Inflation can be a headache for any central banker. But it takes a certain type of economist to know what to do when a belligerent spaceship fleet attacks an interstellar trading post, causing mineral prices to surge across the galaxy.
Eyjólfur Guðmundsson is just that economist. Working for the Icelandic company CCP Games, he oversees the virtual economy of the massively multiplayer video game Eve Online. Within this world, players build their own spaceships and traverse a galaxy of 7,500 star systems. They buy and sell raw materials, creating their own fluctuating markets. They speculate on commodities. They form trade coalitions and banks.
It’s a sprawling economy, with more than 400,000 players participating in its virtual market — more people, in fact, than live in Iceland. Inflation, deflation and even recessions can occur. Which is why, from his office in Reyjkjavik, Guðmundsson leads a team of eight analysts poring over reams of data to make sure everything in Eve Online is running smoothly. His job bears more than a passing resemblance to that of Ben Bernanke, who oversees the U.S. economy from the Federal Reserve.
“For all intents and purposes, this is an economy that has activity equal to a small country in real life,” Guðmundsson says. “There’s nothing ‘virtual’ about this world.”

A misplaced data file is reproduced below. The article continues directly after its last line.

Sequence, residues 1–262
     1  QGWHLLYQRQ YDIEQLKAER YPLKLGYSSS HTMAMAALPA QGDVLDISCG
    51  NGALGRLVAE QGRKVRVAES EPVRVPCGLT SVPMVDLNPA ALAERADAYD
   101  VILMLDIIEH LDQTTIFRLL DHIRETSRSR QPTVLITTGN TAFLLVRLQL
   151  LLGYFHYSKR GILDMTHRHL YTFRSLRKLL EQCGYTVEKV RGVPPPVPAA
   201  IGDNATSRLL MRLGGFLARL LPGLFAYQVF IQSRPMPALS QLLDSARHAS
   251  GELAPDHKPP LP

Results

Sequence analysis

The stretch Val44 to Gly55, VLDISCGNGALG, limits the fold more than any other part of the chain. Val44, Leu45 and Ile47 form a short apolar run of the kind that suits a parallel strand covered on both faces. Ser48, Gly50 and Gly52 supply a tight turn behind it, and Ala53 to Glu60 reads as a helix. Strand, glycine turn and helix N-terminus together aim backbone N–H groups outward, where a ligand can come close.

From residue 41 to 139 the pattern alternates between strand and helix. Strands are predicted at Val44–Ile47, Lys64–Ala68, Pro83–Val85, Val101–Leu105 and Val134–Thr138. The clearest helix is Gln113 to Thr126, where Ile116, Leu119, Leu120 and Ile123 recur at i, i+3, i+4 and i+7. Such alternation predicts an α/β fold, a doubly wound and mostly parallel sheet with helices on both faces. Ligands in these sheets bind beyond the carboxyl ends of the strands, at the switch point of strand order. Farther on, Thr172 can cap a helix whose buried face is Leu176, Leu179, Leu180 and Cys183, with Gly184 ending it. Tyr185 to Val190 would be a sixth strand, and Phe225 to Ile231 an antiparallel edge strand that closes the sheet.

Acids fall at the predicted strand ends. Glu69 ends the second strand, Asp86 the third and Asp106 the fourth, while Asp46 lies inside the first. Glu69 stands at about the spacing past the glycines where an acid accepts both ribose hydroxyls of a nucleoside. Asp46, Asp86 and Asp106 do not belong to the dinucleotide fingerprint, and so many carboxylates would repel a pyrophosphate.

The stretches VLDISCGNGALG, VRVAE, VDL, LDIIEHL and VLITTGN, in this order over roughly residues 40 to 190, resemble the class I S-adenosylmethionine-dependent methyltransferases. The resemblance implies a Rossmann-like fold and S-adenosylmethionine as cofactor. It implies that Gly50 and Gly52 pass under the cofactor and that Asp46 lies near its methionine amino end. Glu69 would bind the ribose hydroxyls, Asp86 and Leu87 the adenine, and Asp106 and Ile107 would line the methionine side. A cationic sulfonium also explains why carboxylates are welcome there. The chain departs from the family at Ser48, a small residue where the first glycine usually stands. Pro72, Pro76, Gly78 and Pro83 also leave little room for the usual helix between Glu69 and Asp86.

Nowadays, many massively multiplayer online video games have become so complex that game companies are turning to economists for help. Without oversight, the games’ economies can go badly awry — as when a gambling ban triggered a virtual bank run in the online world of Second Life in 2007, with one bank alone costing players $750,000 in real-life money.
But there’s a flip side, too. Just as video game designers are in dire need of economic advice, many academic economists are keen on studying video games. A virtual world, after all, allows economists to study concepts that rarely occur in real life, such as full-reserve banking, a popular libertarian alternative to the current banking system that cropped up in Eve Online. The data is richer. And it’s easier to run economy-wide experiments in a video game — experiments that, for obvious reasons, can’t be run on countries.
That ability to experiment on a massive scale, academics say, could revolutionize economics.
“Economic theory has come to a dead end — the last real breakthroughs were in the 1960s,” says Yanis Varoufakis, a Greek economist recently hired by the video-game company Valve. “But that’s not because we stopped being clever. We came up against a hard barrier. The future is going to be in experimentation and simulation — and video game communities give us a chance to do all that.”
At least, that’s the dream. The reality, as always, is more complicated. Game companies are often wary of meddling economists trying to conduct experiments that suck the fun out of their virtual worlds. And some academics scoff at the notion that there’s anything to learn from universes filled with warlocks and starfleets. Game companies and economists may need each other. Now if only they could learn to share the controller.